Saturday, July 10, 2010

One of our first stops on the Big Island was to see the statue of Kamehameha I. We have the twin of this statue in Honolulu.


In 1878, a statue of King Kamehameha I was commissioned to commemorate the discovery of Hawaii by Captain James Cook. A sculptor in Italy created this statue which was supposed to be displayed on Oahu. On it's way here, the ship wrecked somewhere around the Falkland Islands and a new statue had to be commissioned.

Before the second statue was completed, the first statue was salvaged, sold to a member of the Hawaiian government and was sent to the Big Island to mark the birthplace of King Kamehameha I.

The statue on the Big Island was painted with the brighter red and yellow colors while the statue on Oahu has a golden color for the clothing. Our guide told us there was a lot of uproar over whether or not to paint it. There are also issues because the sculptor who created the statues ignored the photos of Polynesians which were sent to him and gave the statue Roman facial features as well as a Romanesque stance of the spear, cape, and gesturing hand.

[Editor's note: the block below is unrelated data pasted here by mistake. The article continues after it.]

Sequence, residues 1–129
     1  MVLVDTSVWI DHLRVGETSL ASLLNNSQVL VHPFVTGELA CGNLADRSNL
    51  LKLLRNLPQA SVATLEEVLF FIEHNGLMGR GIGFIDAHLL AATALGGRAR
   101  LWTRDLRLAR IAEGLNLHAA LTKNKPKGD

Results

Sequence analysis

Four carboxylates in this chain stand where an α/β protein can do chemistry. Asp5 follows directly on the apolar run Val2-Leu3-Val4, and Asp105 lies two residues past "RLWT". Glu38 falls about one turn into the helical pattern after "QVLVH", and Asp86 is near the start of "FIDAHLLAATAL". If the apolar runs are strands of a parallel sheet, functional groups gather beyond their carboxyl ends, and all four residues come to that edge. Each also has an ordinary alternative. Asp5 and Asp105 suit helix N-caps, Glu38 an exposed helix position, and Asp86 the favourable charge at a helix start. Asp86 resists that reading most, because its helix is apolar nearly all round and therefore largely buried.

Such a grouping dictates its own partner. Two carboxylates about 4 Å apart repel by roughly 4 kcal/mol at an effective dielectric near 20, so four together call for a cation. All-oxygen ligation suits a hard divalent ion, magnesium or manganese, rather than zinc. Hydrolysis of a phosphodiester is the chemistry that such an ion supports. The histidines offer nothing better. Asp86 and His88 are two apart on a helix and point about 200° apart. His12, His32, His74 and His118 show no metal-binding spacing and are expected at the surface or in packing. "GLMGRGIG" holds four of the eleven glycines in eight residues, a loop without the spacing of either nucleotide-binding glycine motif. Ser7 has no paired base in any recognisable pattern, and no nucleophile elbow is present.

A third statue was commissioned when Hawaii became a state. It stood in Statuary Hall at the United States Capitol until Obama became president and then it was moved to a more prominent position in the Capitol's new visitor's center.

A fourth statue was commissioned for a resort in Kauai, but the people of Kauai did not want a statue of King Kamehameha as they were the only island not physically conquered by Kamehameha I. The ruler of Kauai decided to prevent further bloodshed by simply joining Kamehameha and becoming a vassal to the king.

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